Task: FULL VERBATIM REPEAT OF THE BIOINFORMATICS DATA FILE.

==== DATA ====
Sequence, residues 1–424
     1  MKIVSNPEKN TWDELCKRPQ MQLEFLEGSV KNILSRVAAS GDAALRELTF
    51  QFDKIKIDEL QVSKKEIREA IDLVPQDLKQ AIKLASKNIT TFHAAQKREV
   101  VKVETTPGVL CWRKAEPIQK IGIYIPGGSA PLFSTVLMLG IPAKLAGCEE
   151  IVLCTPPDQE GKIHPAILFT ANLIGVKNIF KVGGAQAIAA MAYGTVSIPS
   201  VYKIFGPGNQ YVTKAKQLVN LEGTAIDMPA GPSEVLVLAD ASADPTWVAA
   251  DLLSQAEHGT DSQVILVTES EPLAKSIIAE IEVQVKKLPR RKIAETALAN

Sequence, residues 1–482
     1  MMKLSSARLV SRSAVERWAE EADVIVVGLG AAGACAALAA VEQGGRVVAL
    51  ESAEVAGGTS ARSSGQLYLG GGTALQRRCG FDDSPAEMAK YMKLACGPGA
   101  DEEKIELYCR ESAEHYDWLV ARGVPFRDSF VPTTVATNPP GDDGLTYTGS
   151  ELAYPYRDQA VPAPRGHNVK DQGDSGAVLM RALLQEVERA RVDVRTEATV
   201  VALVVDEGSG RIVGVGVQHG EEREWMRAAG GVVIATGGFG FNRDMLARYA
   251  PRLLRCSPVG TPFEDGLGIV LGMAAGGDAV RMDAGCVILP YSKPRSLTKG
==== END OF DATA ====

Sequence, residues 1–424
     1  MKIVSNPEKN TWDELCKRPQ MQLEFLEGSV KNILSRVAAS GDAALRELTF
    51  QFDKIKIDEL QVSKKEIREA IDLVPQDLKQ AIKLASKNIT TFHAAQKREV
   101  VKVETTPGVL CWRKAEPIQK IGIYIPGGSA PLFSTVLMLG IPAKLAGCEE
   151  IVLCTPPDQE GKIHPAILFT ANLIGVKNIF KVGGAQAIAA MAYGTVSIPS
   201  VYKIFGPGNQ YVTKAKQLVN LEGTAIDMPA GPSEVLVLAD ASADPTWVAA
   251  DLLSQAEHGT DSQVILVTES EPLAKSIIAE IEVQVKKLPR RKIAETALAN

Sequence, residues 1–482
     1  MMKLSSARLV SRSAVERWAE EADVIVVGLG AAGACAALAA VEQGGRVVAL
    51  ESAEVAGGTS ARSSGQLYLG GGTALQRRCG FDDSPAEMAK YMKLACGPGA
   101  DEEKIELYCR ESAEHYDWLV ARGVPFRDSF VPTTVATNPP GDDGLTYTGS
   151  ELAYPYRDQA VPAPRGHNVK DQGDSGAVLM RALLQEVERA RVDVRTEATV
   201  VALVVDEGSG RIVGVGVQHG EEREWMRAAG GVVIATGGFG FNRDMLARYA
   251  PRLLRCSPVG TPFEDGLGIV LGMAAGGDAV RMDAGCVILP YSKPRSLTKG